The August solar eclipse is expected to bring a lot of people to the Jefferson City area, but residents are already cashing in on renting out their properties on lodging websites like Airbnb. It is a simple way for property owners to make extra money offering tourists, business people and politicians a place to stay in the Capital City.
"I enjoy (meeting the new people)," Jefferson City Airbnb host Dottie Dallmeyer said. "We've had a couple from Germany and their daughter. I guess we are going to have a Japanese couple this week, and then on the weekend, a man is flying in from the Netherlands. I've met some interesting people."
Airbnb is a website that lists residences or rooms for short-term rental. Hosts sign up to list their rental properties for potential guests to view, complete with descriptions, photos and fees. Guests can make their reservations to stay at any time, whether long in advance or the day they plan to arrive.
The Dallmeyers rent out their two-story guest house — a rustic stone-sided garage conversion — for prearranged amounts of time. Dottie said the guest house was built from the same cotton rock (magnesian limestone) as the main house, mined from a nearby site circa 1922.
"It was (more than 20 years ago), an old garage where they stored the farm trucks and had a lean-to on the back for tractors, and then the upstairs was used by farm hands, but they didn't have a bathroom," she said.
Now, the guest house contains a kitchen and living area beneath a second floor bedroom and bathroom. Located beside Dallmeyer's home and well house on a nearly century-old family farm overlooking the Moreau River, it offers what she considers to be one of the prettiest sunset views in Jefferson City.
Since opening for business in December, Dallmeyer said she has been booked 70 percent of the time. There have been no fewer than two guests per week, and the schedule is often completely full. It is a family operation. Dottie manages the property, cleans and cares for guests. Her grandson, Bryce Dallmeyer, takes care of the bookings and other online business from his Florida home. Her son, Rudi Dallmeyer, serves as the handyman.
Dottie's grandson suggested Airbnb as a simple way to make extra money after using the service in Fort Lauderdale. "Bryce came up with the idea because the person I had as a renter in the guest house had moved out, and we were sort of in a little transition period," she said. "Bryce actually came and got all the pictures taken and set it all up. I'm not a computer person, and he is, which is kind of fun."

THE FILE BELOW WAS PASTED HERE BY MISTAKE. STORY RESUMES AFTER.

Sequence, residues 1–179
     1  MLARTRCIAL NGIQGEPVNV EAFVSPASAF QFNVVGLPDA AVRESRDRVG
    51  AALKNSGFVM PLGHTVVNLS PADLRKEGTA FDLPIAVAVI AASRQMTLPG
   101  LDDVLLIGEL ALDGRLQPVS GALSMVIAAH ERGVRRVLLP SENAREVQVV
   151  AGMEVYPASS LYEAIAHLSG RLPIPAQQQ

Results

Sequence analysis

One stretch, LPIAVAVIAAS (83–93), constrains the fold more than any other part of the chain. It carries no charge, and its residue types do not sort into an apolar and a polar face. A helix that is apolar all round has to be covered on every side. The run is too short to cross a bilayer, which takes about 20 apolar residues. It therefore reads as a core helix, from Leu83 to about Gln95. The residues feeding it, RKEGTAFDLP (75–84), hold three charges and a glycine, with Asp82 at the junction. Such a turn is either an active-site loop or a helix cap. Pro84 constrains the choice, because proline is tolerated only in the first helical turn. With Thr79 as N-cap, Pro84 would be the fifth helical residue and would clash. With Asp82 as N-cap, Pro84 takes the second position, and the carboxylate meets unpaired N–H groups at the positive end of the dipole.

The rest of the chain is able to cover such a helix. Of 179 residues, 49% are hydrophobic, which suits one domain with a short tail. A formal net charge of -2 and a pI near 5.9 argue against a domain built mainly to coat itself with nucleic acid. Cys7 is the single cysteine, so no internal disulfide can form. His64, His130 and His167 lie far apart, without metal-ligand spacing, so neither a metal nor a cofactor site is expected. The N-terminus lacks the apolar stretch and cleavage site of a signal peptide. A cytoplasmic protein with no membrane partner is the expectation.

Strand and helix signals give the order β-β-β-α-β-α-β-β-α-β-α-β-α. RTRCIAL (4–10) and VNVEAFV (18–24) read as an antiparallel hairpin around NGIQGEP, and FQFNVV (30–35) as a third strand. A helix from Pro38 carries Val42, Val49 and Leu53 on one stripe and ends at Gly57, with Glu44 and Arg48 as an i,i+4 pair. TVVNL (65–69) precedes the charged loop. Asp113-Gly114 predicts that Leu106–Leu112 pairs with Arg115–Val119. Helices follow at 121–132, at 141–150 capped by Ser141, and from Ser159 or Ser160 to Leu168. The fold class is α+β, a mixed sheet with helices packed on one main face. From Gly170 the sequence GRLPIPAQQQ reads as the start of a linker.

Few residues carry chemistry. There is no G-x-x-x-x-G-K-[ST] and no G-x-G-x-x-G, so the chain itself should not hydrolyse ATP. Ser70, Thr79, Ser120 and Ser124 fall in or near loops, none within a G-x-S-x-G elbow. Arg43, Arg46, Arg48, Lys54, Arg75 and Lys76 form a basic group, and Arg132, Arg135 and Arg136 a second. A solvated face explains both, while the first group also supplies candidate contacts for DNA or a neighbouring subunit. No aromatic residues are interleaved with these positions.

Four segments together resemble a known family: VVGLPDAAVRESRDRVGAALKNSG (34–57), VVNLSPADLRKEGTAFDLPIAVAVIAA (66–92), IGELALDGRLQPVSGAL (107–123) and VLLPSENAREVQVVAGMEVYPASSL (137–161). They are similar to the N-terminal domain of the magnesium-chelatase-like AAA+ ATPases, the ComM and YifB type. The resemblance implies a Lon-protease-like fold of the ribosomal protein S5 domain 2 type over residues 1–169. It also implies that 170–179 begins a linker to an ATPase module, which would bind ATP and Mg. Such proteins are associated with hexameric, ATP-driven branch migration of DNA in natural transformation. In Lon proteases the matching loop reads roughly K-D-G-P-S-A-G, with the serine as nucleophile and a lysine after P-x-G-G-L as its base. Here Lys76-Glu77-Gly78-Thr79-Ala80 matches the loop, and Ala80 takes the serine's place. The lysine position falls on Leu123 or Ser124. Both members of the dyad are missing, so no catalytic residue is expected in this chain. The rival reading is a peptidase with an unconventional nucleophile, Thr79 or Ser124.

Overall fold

Bryce spent a week repainting and cleaning up the house with friends before creating an Airbnb account. He posted the guest house listing and photos taken with an aunt's camera to highlight the property's features and attract online attention.
"Nowadays, you want to get people's attention as quick as possible," Bryce said. "I used Airbnb's platform on my computer first. It's really easy. They have a visitor function and a host function, and it's very user-friendly."
Dottie said she used to rent the house out to long-term occupants, but renting to temporary guests is much simpler, because they prepay on the website. She also likes that hosts and guests can rate each other on the website, which gives guests more incentive to behave. Hosts have the option to refuse reservations from guests with poor ratings, and visitors can avoid rental properties that received negative reviews.
After guests leave, Dottie checks the house and calls Bryce to say if they left the house sufficiently clean or if they deserve a bad rating. "They really try hard to be on their best behavior," Dottie said of her guests. "I give Bryce my review of how well they did, and then he puts that online. After he puts what our review is, then they can give a review. So far we've had four or five stars all the time. I've appreciated that. We've tried very hard."
Dottie has to clean up more often than before, since new visitors are always coming and going, but Bryce takes care of the arrangements online and notifies his grandmother when guests are scheduled to arrive.
Managing the property can get a little hectic. It is one of about three jobs in her 55- to 65-hour work week. Dottie is also a nanny and substitute teacher. "I work a lot," she said. "The TV hasn't been on for a couple weeks."
It also gives Bryce several hours of extra work per week, but they said it is worth it to help pay the mortgage on the family's 40-acre farm. The Dallmeyers may also begin renting out a room from the main house for a bed-and-breakfast-style operation. Bryce said that was something they considered before Airbnb. The property — which has remained in the family for almost 100 years — was a resort in the 1920s and '30s.
"(Rudi and Bryce) wanted to keep me solvent enough that I can pay for this house," Dottie said. "It's a labor of love, because they both love this place, too."